Drones are very advanced aerial vehicles but they come with their own set of vulnerabilities. System malfunctioning is a common problem faced by drone pilots. This freezes the drone and it plummets down to a crash. Harsh weather may also damage some rotors thereby resulting in a crashed drone. To prevent such problems several companies are developing methods to safely land the drone in case of failure. Parachute modules have already been developed which deploy when a drone loses altitude. Another technology has been invented by researchers from the Netherlands’ Delft University of Technology which allows the drone to hover even when one or two of its rotors fail in mid-air. Generally a quadcopter requires all four rotors to function smoothly, failure of a single rotor may inhibit the drone from flying altogether.
This technology is of vital use as it requires no additional components or modules and can practically be applied to any drone. At the recent International Conference on Intelligent Robots (IROS 2018) in Spain, the TU DELFT team demonstrated the “fault tolerance controller” which allows a quadrotor to continue flying at high speeds, even if a rotor has broken or a motor has failed. The quadcopter may not retain its primary features while using this technology but it will save the drone and prevent loss to life and property. An interesting part about this fail-proof system is that the drone retains forward momentum while trying to remain airborne. This can greatly help the drone to land safely or return to base. Researchers from DELFT used data from the drone’s built in Gyroscope and accelerometer to work out a method to keep the drone airborne despite multiple rotor failure.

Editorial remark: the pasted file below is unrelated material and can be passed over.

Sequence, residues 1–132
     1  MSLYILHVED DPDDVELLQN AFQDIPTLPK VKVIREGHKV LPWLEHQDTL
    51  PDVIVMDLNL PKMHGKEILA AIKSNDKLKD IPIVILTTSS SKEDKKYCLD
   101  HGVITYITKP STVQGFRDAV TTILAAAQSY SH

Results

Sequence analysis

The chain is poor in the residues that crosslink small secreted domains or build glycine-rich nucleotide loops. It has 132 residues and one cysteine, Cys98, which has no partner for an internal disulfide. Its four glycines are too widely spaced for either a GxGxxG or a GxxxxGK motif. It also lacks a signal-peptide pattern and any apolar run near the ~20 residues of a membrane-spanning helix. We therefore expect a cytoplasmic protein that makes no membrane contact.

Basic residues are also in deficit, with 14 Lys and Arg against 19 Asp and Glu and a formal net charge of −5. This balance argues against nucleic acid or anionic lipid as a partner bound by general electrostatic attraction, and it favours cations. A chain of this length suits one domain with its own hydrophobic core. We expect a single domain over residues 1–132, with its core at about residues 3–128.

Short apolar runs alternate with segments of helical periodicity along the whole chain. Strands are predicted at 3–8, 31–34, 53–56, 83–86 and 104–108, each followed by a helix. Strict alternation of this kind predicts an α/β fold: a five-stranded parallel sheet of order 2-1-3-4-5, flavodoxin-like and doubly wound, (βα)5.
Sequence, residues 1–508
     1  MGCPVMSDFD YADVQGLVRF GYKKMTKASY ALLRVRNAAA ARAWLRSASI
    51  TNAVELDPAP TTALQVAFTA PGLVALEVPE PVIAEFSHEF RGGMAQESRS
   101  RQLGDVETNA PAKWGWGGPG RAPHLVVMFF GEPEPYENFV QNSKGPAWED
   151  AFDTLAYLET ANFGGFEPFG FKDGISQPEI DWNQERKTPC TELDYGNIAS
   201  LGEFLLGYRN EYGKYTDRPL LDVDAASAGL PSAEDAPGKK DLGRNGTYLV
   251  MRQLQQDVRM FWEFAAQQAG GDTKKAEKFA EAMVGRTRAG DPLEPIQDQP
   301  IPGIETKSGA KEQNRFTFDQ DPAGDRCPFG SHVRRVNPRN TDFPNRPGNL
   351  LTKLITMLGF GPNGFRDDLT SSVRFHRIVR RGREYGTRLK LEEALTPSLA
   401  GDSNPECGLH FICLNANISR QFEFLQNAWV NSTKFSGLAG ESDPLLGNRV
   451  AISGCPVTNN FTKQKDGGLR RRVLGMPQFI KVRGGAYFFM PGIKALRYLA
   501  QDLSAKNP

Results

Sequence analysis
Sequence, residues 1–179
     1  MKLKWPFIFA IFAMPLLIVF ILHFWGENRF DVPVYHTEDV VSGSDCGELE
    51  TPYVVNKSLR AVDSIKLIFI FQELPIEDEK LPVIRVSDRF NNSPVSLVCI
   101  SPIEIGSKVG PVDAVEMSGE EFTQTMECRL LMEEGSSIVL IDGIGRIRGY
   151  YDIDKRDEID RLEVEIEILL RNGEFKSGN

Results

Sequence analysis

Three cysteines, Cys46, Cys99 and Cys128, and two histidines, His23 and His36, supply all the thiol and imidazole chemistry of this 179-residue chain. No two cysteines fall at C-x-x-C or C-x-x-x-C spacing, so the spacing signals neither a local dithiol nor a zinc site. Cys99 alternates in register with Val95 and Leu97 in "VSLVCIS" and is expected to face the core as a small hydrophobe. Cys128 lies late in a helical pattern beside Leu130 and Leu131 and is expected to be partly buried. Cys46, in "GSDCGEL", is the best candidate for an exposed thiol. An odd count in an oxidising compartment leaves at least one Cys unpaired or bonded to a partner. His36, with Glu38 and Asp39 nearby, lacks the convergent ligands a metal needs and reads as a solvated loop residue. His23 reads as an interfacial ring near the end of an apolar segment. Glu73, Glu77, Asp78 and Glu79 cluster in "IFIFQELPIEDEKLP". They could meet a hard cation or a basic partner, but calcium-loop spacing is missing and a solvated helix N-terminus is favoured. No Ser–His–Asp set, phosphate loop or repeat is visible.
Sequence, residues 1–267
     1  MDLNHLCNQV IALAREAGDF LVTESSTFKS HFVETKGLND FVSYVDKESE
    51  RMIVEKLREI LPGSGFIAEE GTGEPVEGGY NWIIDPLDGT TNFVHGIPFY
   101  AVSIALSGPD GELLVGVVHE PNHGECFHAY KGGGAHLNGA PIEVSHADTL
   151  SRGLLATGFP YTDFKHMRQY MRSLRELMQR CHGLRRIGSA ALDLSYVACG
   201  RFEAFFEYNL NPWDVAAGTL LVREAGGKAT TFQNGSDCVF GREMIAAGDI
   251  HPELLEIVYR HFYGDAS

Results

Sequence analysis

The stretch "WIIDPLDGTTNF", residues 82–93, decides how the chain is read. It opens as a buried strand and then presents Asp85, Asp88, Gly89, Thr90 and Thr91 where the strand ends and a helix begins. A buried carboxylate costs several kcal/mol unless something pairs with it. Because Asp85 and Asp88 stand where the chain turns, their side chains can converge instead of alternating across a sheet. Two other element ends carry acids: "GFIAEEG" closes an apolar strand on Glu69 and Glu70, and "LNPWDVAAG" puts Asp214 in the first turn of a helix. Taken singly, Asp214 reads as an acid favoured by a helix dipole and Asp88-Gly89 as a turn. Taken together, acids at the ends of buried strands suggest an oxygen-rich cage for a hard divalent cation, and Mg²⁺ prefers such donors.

“Imagine that when a quadrotor is delivering an important package over water where strong wind blows. All of sudden one motor malfunctions,” Sihao Sun, a researcher on the project, said. “Normally in this case, the drone will crash into the water together with the package. But with our technology, it is able to continue flying at a considerable speed to fly back to a safe landing place. This could save the package and the drone itself.”
Watch how the drone corrects its flight despite a rotor failure in a wind tunnel: